Article by Lynda La Rocca
Local Artists – February 1996 – Colorado Central Magazine
Charlotte Hamity paints what she sees — and what she’d like to see.
The result is finely executed, delicately shaded watercolors depicting familiar scenes of Leadville and other Colorado mining towns.
Hamity puts a unique stamp on her illustrations of century-old mine headframes, Victorian false-fronted cottages and imposing commercial buildings. It might come in the form of another spray of fireweed or an asymmetrical pine tree. It could be an extra snow-covered background peak or a refinement in the way storm clouds boil over into a summer sky.
“Sometimes in real life, the composition of a scene just isn’t good,” the artist explains, sitting before an easel in her combined kitchen/studio. “It won’t make an interesting painting. So you paint a tree; you don’t paint the tree. You don’t try to make the tree in your work look exactly like the tree in your back yard. You paint what you think it should look like.”
But Hamity employs such a deft touch when adding a bit here or subtracting a bit there that to look at her watercolors of Leadville’s Robert Emmett and Fanny Rawlings mine ruins, the Western Hardware Store, old St. Vincent’s hospital or the “wedding cake” house, you’d swear you were standing in front of them.
Art has long been a passion for this 68-year-old Michigan native and grandmother of four. Hamity studied art history at Duke University and received a degree in commercial art from the Chicago Academy of Fine Art. She worked as a commercial artist, and designed chandeliers and custom store display fixtures for a business co-owned with her husband Chuck.
The Hamitys met while pursuing another passion — skiing. Regular Colorado ski vacations with their three children convinced the couple that Colorado was where they wanted to retire.
“We thought, ‘How great to live in a place where we can ski or play golf all the time,'” Hamity says.
Before deciding on Leadville, the Hamitys skied every day-ski area in the state and investigated the amenities offered by each area’s “host” town, particularly its golf courses and libraries.
Once they sold their Chicago-area home and settled in Leadville in August, 1992, “I don’t think a day went by when Chuck didn’t look out the window and say, ‘Aren’t we lucky?'” Hamity recalls.
But five months after their move, her husband died suddenly. “And I buried myself in painting and grief,” Hamity says. “Painting was what saved me.”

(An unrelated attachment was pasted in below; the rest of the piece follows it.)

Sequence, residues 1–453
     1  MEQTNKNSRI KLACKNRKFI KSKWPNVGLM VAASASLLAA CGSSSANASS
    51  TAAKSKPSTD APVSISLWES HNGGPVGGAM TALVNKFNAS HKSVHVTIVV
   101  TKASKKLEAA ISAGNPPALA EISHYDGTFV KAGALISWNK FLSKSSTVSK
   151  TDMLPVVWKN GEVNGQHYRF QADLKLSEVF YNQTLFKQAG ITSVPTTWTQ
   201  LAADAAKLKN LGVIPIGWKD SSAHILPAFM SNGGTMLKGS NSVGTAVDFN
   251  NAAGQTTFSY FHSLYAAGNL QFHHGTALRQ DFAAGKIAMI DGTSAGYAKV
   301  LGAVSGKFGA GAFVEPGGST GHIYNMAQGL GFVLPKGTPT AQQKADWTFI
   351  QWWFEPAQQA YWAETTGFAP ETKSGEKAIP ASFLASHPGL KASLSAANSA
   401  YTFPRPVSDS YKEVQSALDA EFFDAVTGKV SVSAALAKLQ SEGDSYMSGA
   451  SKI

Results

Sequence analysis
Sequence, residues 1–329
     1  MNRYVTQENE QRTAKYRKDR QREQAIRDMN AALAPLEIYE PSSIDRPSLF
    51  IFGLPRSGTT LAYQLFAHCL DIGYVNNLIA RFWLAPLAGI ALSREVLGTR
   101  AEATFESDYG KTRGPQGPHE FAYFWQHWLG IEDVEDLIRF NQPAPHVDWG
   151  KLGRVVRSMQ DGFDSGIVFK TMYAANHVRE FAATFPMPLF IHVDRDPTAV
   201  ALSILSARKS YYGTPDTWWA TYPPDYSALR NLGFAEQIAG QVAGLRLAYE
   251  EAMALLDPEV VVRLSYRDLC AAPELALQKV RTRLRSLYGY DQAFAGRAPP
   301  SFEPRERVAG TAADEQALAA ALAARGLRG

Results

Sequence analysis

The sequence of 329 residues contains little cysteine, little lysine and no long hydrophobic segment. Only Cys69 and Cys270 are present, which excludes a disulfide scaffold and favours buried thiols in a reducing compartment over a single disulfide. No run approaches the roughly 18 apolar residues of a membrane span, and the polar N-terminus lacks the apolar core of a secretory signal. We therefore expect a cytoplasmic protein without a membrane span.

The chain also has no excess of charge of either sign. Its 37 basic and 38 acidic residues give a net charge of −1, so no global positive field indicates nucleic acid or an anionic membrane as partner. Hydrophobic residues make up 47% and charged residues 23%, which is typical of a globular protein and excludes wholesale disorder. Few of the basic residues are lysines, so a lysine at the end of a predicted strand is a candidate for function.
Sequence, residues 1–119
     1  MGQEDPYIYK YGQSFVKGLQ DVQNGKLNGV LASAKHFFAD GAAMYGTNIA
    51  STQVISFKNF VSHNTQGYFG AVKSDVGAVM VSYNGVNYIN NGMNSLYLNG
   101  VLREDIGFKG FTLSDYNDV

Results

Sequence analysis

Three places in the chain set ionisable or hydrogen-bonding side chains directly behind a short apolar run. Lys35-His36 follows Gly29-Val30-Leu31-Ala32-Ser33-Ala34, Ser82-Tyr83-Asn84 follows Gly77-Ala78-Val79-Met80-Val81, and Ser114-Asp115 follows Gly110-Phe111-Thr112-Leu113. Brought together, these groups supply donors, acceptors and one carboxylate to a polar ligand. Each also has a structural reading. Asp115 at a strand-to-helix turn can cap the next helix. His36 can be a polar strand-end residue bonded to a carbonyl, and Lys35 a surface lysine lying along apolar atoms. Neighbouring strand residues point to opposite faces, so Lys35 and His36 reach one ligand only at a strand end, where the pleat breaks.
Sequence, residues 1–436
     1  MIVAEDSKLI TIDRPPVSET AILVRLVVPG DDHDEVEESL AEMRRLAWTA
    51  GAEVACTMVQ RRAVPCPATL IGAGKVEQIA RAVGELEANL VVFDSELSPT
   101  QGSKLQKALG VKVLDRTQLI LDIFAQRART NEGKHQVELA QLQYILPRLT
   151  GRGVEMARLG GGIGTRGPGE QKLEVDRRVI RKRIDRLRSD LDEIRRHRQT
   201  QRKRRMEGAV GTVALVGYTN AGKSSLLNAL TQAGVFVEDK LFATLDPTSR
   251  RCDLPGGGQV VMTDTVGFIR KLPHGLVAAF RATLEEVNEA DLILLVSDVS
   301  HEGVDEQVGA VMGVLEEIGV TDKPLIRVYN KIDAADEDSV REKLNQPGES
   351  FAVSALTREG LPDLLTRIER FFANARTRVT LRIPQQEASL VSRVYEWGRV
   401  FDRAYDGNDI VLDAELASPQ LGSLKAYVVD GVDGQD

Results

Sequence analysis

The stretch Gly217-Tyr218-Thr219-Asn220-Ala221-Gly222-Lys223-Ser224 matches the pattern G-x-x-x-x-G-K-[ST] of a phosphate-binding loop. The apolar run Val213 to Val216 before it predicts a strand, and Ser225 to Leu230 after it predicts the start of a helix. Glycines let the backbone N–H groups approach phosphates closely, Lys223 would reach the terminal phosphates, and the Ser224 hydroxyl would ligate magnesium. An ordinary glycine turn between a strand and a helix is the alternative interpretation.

She began by painting the view from her kitchen window. “At first it felt like I’d forgotten everything, but I kept practicing and bit by bit, it came back.”
Next she took photographs of intriguing scenes and worked from the photos.
Now Hamity often sketches on site, and even hauls paints, paper, brushes, spray bottles of water and a chair into the back country to work.
Outdoor excursions are limited, however, by Leadville’s bitter winters and arid air, which dries out watercolor paints too quickly to complete large paintings.
“One of my instructors suggested driving to a site in the winter, sitting in the car and painting from inside the car. I have a feeling he never tried that himself, though,” she says, smiling.
Although Hamity also paints flowers and the occasional portrait, and plans to do more animal subjects, nature scenes and structures remain her specialties.
She’s particularly captivated by Leadville’s old mining district — and equally dismayed by its inexorable loss through arson, neglect or just plain age. “I’m trying to preserve parts of Leadville, especially the mines, through my paintings,” Hamity says. “Every year, it seems there’s one less mine. I’d like to paint a lot of these before they disappear forever.”
Although Hamity is also an accomplished oil painter, her first love will always be watercolors. “If you make a mistake with watercolors, you can’t paint over it like oils. You can’t go back and fix it. You’ve ruined it. So watercolor is more of a challenge. It’s like golf. If you don’t hit the ball right, you’re in the woods.”
There’s another, more practical reason for concentrating on watercolors. “I work in my kitchen, and oil paints smell. Plus, I’m getting older and watercolors are easier to clean up,” Hamity confesses.
When not pursuing her other interests, Hamity is a serious gardener. She’s even painted cheery orange poppies on the exterior of her home to recall her summer blooms while the snow falls.
And she’s an avid hiker who went camping for the first time last summer — and loved it. “At 68, I finally have my own sleeping bag,” she grins.
Hamity’s paintings are displayed locally at the Old Glory Cafe and The National Mining Hall of Fame & Museum. She works on commission, and she also sells her paintings, plus notecards featuring reprints of various paintings, from her home and at festivals in Leadville and Gunnison.
“I don’t show in other places because basically I’m lazy,” she jokes.